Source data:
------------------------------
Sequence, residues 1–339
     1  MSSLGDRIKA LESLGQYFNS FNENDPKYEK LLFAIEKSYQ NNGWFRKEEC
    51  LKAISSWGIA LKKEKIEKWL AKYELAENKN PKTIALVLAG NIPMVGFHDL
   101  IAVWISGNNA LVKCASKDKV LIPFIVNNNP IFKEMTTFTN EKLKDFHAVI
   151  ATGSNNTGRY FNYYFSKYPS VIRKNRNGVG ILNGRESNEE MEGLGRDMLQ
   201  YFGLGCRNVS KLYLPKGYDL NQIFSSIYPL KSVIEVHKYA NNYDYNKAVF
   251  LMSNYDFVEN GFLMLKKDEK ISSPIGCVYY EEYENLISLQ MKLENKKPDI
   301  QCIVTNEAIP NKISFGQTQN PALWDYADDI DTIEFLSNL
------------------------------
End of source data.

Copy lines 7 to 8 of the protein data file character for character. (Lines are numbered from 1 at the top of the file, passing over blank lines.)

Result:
   251  LMSNYDFVEN GFLMLKKDEK ISSPIGCVYY EEYENLISLQ MKLENKKPDI
   301  QCIVTNEAIP NKISFGQTQN PALWDYADDI DTIEFLSNL